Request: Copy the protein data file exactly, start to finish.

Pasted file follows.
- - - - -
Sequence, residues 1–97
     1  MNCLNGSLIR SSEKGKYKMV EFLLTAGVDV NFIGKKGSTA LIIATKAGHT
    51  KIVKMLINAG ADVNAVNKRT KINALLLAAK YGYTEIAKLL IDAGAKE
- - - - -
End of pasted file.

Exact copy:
Sequence, residues 1–97
     1  MNCLNGSLIR SSEKGKYKMV EFLLTAGVDV NFIGKKGSTA LIIATKAGHT
    51  KIVKMLINAG ADVNAVNKRT KINALLLAAK YGYTEIAKLL IDAGAKE